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Special needs students who rely on highly qualified and experienced educational assistants (EAs) will lose those specialized services if the Durham School Board proceeds with their plan to cut 19 EA positions, warns the Canadian Union of Public Employees (CUPE).
“Who will provide the quality care and assistance these dedicated EAs have been delivering for the past ten years?” asked Don Bryans, president of CUPE 218. “Eliminating these highly specialized positions means that special needs students, their parents and the entire school community will suffer needlessly. This board should be enhancing educational services, not trying to dismantle them.”
CUPE 218 represents over 2,500 school board workers at the Durham District School Board. There are 893 EAs of which 78 are highly specialized and further qualified (known as EA 2s) providing care to special needs students in elementary and high schools in Durham. The board is planning to cut 19 EA 2 positions by September, and possibly 27 more next year.
“EA 2s are highly qualified professionals with special expertise and experience in assisting students with complex needs, requiring high level attention,” said Marion Moore, EA and CUPE 218 unit chair. “The board has not explained who, if anyone, will replace the 19 EA 2s, nor have they said how they plan to take care of special needs students who require constant, direct educational assistance.”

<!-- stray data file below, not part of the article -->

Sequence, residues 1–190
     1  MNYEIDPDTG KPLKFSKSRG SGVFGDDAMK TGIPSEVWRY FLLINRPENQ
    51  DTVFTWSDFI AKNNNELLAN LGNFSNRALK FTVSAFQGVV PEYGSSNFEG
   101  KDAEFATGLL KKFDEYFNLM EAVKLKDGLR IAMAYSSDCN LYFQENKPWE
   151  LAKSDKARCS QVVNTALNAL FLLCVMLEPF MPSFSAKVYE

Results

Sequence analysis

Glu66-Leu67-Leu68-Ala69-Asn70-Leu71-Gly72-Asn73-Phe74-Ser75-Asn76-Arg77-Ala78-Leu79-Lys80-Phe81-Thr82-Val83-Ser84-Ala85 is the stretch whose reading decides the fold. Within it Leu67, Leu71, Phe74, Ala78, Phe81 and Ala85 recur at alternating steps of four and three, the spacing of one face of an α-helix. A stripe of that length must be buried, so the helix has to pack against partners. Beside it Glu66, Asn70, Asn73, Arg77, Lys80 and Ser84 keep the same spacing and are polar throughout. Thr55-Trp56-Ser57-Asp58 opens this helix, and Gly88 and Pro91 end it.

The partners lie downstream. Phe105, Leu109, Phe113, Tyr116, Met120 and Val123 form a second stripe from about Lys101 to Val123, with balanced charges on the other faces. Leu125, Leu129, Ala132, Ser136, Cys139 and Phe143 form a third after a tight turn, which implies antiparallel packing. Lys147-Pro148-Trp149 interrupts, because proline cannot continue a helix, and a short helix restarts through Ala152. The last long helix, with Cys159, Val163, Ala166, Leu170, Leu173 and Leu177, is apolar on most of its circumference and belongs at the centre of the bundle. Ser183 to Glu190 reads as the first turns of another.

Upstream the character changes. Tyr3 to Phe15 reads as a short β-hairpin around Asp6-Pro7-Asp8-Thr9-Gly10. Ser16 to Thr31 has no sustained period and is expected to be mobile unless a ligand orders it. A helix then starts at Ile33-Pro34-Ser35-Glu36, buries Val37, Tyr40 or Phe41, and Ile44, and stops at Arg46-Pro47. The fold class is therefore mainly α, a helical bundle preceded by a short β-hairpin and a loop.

The EA 2s recently went through a job evaluation process that recognized their skills and experience to be at a higher level than what they were being paid. The evaluation process was completed by April, and all of the EA 2s received a wage increase to reflect the skills and requirements of their work.
“We believe the board is targeting the EA 2s because they successfully completed a job evaluation process that showed they were not being paid fairly,” said Bryans. “They got their raise in April and a month later they are being told their positions will be cut in the fall. The timing of the cutbacks will not only bring devastation for special needs students, but could also be seen as a signal from the board to discourage other workers from pursuing job evaluation.”
“This board must explain their decision to the parents of students who will lose these services,” said Moore. “We are urging parents to express their concerns to the board, to press them to reinstate the EAs that help their children every day.”
CUPE 218 members will attend the school board’s finance committee meeting on Tuesday evening, June 3, to express their outrage at the cuts and urge school board trustees to reject plans that will hurt the quality of education in Durham. The board plans to finalize their budget plans, including the elimination of 19 EA 2 positions, at the June 10 school board meeting.
For further information, please contact:
Don Bryans, CUPE 218 President, 905-571-7879
Marion Moore, EA and CUPE 218 Unit Chair, 905-571-7879
Betty Sommers, CUPE National Representative, 905-433-4760
James Chai, CUPE Communications, 416-292-3999